Karin Hamel: Yeah.
Sarah Nicastro: I think that's a super important way.
Karin Hamel: By no means do I ever want to ostracize the white, male audience, right? We need them. They're important. It's not anyone's fault. It is the situation that we're in. What can we do, because we know, now, that a more diverse collective group of people will be more highly engaged, and ultimately provide a better experience for our customers and all the other employees that they work with. So I think it's important to say that. We want everyone.
Sarah Nicastro: Yeah.
Karin Hamel: There is a place for everyone.
Sarah Nicastro: That's exactly right. It's not about reducing or eliminating that in any way. It's just about augmenting it, and adding to it, and making sure that anyone and everyone that has the desire to explore these type of career opportunities is made aware of them, and given the chance to explore those skills. So you're absolutely right. I don't mean it that way either. I've been in this space for 15 years, and I have relationships with so many people that fit that characteristic, and they're fantastic people. So many of them share the desire to bring the industry to its next iteration. So it's all a collaborative process. I think that everyone recognizes that it's important for us to bring all sorts of different folks into the mix. That's how we all are going to get better. Cool.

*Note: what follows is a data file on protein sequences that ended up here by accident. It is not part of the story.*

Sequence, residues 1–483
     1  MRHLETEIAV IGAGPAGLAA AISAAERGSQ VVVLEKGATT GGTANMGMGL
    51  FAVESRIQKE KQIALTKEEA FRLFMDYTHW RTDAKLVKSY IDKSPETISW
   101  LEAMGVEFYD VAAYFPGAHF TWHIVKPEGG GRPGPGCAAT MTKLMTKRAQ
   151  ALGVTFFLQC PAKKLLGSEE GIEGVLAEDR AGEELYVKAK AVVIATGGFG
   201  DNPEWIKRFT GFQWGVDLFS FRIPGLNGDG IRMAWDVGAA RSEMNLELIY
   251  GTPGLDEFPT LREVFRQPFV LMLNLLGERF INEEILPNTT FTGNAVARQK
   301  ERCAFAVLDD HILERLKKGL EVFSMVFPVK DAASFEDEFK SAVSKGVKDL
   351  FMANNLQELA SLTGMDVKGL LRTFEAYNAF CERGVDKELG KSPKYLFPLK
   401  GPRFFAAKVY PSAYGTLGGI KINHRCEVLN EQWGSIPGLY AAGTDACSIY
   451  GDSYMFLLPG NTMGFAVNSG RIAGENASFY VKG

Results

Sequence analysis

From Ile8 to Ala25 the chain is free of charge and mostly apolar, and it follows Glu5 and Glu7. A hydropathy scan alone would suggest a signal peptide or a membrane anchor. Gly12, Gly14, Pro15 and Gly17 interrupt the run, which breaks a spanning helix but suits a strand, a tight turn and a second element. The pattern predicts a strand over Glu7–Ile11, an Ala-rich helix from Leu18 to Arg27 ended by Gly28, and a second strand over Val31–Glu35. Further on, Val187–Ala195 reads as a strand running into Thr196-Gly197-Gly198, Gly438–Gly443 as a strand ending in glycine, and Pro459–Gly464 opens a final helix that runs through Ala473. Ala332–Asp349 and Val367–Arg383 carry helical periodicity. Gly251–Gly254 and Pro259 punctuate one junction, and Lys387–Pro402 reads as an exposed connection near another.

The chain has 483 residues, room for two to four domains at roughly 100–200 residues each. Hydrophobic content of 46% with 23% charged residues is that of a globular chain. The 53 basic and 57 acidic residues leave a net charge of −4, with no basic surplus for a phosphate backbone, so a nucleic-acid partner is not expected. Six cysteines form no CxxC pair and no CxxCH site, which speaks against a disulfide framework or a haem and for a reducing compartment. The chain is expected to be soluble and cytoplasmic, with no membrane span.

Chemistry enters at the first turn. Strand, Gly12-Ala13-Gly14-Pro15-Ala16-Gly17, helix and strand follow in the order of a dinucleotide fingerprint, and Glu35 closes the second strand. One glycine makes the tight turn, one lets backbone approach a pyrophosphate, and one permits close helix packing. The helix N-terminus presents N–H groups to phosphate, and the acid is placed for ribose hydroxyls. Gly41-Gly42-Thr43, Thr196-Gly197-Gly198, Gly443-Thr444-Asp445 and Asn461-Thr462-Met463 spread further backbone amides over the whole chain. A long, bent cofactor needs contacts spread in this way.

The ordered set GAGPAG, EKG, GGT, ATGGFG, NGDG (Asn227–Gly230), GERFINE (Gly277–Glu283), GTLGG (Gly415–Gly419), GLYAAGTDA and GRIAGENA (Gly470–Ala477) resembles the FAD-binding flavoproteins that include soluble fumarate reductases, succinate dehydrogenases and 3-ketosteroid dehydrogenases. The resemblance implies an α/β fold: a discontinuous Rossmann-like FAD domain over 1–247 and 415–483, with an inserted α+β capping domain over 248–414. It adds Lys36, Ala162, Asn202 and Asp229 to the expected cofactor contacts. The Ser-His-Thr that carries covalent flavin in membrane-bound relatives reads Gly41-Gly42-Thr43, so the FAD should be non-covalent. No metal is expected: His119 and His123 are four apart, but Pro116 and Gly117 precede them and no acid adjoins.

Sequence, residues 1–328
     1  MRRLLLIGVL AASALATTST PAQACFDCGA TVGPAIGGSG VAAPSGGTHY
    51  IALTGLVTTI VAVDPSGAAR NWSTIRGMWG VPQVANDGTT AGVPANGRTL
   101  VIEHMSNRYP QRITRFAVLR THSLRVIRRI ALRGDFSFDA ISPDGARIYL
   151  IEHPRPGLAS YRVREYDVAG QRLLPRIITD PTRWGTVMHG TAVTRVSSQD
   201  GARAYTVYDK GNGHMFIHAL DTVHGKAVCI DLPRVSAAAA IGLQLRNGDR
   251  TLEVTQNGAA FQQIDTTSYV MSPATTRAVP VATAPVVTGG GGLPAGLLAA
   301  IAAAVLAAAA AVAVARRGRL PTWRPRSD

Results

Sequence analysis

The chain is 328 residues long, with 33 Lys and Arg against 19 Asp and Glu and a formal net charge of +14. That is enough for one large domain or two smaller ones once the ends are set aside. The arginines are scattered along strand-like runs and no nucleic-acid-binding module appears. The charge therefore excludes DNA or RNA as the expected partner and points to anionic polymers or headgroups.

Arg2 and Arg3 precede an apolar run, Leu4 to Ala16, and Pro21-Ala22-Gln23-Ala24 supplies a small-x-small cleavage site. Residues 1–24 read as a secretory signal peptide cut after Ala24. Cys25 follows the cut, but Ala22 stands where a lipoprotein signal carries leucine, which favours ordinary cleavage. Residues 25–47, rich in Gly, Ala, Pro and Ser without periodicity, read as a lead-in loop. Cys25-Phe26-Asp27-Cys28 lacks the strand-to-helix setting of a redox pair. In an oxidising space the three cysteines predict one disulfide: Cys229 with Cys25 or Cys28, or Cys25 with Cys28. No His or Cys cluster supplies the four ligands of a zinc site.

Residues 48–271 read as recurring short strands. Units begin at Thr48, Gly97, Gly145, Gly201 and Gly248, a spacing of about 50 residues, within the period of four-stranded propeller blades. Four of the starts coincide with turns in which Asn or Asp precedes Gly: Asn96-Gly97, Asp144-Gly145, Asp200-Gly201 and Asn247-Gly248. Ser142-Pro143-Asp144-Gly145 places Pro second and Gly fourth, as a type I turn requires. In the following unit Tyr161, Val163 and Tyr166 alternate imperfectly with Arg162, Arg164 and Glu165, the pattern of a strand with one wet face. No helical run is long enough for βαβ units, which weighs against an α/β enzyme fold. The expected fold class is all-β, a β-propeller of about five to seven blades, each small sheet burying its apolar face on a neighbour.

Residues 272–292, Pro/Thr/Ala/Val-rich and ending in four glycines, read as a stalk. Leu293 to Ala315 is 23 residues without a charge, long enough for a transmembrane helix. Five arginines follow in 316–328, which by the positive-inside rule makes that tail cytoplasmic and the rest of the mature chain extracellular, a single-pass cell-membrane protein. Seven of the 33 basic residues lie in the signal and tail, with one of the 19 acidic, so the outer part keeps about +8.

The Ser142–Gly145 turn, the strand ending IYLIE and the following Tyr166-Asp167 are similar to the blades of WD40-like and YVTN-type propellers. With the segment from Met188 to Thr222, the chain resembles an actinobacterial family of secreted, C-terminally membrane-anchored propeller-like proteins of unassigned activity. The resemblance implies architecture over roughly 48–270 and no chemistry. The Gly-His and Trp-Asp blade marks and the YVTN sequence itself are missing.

Sarah Nicastro: All right, so the third key that I want to talk about is moving from communication to collaboration. Okay? So when we think about the frontline worker, I think we've made strides here, but we've come from a place where we have folks that are happy to show up for work, punch a clock, see what the directive is, and oftentimes are just very happy to carry out the duties that they've been given, and do their work, provide the service to the customers, and be happy with that. I think what companies have realized is that with the immense amount of change that's underway, due to a variety of reasons, the idea of communication with the frontline becomes more important, because we need to not just direct, but bring them into some of the goings on of the organization.
Sarah Nicastro: But I think the point here is to take that a step further, which is the frontline actually holds a wealth of knowledge, and opinions, and insights that can really drive that change. So rather than just communicating, how do we collaborate? Right? So I know with some of the work that you've been doing on Schneider's strategy, you all have done a very good job of really, truly valuing the frontline input, and making sure that you're getting that. Thinking about some of the ways that you are communicating and collaborating, to make sure that you are really being impactful and effective. So can you talk a little bit about that?